Saturday, October 31, 2015


When I was a little girl, I was raised to be obedient... By my grandmothers.

I was taught to say yes ma'am, no ma'am or yes sir, no sir in the face of authority. Question nothing and accept that authority knows what's best.

They hadn't been prepared for the time I spent with my mother.

When I watched the Sandra Brown Arrest video, I have to admit, with all my heart, that I was stunned.

Every word Sandra Brown spoke to Brian Encinia was testy, aggressive, argumentative, and belligerent.

I probably would have slapped her about 30 seconds into the conversation.

Sandra Brown was taught to trust no one. She was taught to fight everything... To question everything. She lived to challenge authority.

When Michael Brown was stopped in Ferguson for allegedly stealing a box of cigars, instead of calmly getting in the car, he defiantly ran.

When Eric Garner was confronted by the police for selling individual cigarettes, he held up his hands in surrender, but began to argue with the officers.

And then there is the student in South Carolina arguing with the teacher to the point that a school police officer was brought in and things got nasty.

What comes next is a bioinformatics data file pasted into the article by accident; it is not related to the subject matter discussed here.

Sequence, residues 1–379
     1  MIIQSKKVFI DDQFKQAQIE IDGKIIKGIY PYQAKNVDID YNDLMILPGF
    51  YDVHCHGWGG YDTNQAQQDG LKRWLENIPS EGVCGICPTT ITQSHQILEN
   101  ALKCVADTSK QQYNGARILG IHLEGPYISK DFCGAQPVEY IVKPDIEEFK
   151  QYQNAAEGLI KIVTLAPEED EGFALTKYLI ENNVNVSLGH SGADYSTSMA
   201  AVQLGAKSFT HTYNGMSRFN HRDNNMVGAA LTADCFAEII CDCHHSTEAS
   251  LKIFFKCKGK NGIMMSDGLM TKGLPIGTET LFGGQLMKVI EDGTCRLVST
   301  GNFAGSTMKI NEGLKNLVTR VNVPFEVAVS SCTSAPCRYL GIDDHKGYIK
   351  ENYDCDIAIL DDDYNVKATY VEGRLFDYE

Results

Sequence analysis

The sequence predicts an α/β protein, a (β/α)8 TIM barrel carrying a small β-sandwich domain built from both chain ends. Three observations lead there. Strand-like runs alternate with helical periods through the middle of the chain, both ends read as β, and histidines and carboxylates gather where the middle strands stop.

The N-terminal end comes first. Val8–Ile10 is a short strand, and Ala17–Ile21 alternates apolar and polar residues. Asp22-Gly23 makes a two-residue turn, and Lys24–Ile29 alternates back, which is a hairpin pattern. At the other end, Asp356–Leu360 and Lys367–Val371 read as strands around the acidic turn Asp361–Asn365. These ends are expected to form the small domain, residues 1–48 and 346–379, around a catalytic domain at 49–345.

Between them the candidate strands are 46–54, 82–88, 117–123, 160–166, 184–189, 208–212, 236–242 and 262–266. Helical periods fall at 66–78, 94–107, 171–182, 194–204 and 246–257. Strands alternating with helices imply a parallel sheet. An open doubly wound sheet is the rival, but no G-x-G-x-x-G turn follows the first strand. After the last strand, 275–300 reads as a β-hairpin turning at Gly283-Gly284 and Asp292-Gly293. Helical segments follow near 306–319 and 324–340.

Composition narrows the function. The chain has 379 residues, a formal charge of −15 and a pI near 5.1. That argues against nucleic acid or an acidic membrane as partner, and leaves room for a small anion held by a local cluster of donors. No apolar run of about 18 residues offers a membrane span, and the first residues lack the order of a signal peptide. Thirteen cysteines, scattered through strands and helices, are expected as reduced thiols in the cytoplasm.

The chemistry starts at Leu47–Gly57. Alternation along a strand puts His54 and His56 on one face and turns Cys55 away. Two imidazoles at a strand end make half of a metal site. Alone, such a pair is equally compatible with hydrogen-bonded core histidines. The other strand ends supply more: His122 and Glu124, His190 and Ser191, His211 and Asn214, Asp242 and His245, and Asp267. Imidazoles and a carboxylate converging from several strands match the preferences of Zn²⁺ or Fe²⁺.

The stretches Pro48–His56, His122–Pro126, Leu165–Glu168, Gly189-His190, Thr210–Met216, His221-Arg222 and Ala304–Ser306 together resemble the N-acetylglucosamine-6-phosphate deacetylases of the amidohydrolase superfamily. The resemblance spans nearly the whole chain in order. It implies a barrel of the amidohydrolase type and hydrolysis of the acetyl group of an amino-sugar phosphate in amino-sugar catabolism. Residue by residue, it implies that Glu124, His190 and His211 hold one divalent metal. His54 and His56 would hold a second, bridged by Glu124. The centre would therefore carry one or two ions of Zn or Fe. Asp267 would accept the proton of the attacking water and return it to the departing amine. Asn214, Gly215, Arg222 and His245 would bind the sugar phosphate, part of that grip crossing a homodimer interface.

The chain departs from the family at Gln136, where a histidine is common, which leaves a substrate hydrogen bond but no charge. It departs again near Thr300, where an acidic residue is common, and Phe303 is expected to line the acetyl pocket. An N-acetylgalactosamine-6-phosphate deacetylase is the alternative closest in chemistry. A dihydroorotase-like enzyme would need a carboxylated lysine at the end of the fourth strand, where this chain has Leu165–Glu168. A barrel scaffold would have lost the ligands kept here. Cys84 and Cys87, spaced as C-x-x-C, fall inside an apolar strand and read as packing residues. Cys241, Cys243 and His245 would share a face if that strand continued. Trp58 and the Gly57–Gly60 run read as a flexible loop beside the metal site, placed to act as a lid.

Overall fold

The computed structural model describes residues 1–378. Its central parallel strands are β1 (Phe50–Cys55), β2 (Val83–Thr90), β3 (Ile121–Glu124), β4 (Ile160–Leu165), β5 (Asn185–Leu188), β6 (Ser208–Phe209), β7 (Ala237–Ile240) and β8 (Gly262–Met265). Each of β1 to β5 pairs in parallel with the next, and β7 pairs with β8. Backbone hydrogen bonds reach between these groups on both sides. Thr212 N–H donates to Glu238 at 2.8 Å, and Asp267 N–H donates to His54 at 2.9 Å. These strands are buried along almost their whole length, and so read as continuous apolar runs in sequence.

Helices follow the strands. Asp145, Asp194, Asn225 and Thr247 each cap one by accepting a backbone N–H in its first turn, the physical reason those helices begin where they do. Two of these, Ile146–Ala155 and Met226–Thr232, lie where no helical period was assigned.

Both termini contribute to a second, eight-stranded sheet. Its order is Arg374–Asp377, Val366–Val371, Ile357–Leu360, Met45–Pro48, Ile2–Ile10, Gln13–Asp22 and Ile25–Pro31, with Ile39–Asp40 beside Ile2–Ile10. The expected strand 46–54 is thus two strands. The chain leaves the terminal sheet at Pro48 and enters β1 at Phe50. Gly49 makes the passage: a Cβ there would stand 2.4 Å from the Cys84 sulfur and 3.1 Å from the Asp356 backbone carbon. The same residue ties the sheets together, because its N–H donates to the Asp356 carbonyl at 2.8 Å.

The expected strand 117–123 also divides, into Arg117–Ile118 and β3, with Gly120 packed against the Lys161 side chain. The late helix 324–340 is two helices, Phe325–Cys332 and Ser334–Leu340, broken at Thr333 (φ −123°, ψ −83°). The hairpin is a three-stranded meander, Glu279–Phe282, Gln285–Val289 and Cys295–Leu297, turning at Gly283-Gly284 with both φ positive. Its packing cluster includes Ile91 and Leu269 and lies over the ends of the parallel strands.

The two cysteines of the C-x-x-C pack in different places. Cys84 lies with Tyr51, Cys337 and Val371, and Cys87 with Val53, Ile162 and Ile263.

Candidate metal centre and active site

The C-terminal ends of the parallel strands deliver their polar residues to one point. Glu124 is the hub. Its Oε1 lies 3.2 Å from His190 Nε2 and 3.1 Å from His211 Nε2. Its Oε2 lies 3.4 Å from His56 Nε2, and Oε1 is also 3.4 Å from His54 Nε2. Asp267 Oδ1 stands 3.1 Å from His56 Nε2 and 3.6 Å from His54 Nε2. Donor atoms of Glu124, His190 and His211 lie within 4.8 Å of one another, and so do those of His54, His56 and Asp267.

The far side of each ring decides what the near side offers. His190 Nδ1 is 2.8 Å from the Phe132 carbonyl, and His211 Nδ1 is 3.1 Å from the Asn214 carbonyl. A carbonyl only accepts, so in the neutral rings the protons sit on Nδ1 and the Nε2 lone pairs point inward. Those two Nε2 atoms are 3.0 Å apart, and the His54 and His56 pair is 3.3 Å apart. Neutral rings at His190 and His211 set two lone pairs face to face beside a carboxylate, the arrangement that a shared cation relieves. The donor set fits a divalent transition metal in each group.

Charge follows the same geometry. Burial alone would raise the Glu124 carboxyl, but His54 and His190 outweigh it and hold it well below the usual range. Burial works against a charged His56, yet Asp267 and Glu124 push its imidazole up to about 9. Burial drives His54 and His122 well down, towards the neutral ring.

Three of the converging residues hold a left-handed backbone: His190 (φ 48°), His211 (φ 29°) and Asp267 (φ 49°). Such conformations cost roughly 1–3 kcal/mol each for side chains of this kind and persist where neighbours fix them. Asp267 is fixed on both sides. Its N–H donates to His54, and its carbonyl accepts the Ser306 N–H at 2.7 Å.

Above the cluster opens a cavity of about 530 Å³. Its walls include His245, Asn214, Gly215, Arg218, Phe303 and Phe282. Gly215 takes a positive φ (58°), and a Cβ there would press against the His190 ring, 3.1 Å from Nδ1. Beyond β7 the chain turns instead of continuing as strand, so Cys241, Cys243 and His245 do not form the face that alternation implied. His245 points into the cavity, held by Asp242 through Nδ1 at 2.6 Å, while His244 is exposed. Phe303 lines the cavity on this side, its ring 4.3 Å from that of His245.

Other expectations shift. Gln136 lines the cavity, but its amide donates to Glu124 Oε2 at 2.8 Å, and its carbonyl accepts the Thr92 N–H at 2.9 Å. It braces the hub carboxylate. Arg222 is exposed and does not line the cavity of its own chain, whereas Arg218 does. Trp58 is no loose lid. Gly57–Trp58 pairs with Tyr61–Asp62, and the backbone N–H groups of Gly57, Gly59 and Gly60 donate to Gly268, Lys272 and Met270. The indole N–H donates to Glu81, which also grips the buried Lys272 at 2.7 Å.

Second grade was especially tough for me.

Mrs. Smith was the teacher from hell.

It was so bad that two kids started peeing their pants again. I started having bad dreams... It didn't help that we lived across the street from the school and I felt that she was watching my every move.

One of my grandmothers saw and noted the change in behavior and decided to investigate. She walked into the school one day (back then, it was possible), and she caught Mrs. Smith yelling and screaming at us. My grandmother went ballistic and told Mrs. Smith that she never wanted to catch Mrs. Smith even looking cross-eyed at me again.

Mrs. Smith never looked at me again. She never pointed at me when I raised my hand. She never let me answer a question. She put me in the back of the room and literally ignored my existence. Her pen made cut marks through my paper with boldly printed F's.

It took a lot of for me to recover from that woman and learn self respect. It took scores of As from other teachers to convince me that I had any brains in my head.

It's amazing what one teacher can do to a life.

Today, if a teacher pulled this on a class, it would be put on every social media site available. Lawsuits would be filed. And that teacher would be unemployed rapidly.

To defy or not to defy authority... That is the question.

I don't think that my mother ever had a problem with me questioning her authority. We both knew that she was tougher and meaner than me. And we both knew that she was smarter than I am, any day and twice on Sunday.   

My mother taught me to question everything... Including her.

It was never about disrespecting anyone. It was never about demands, name calling, arrogance, or defiance. It was about questioning everything.

"Yes, officer, here are my registration, driver's license, and insurance. By the way sir, may I see the radar?"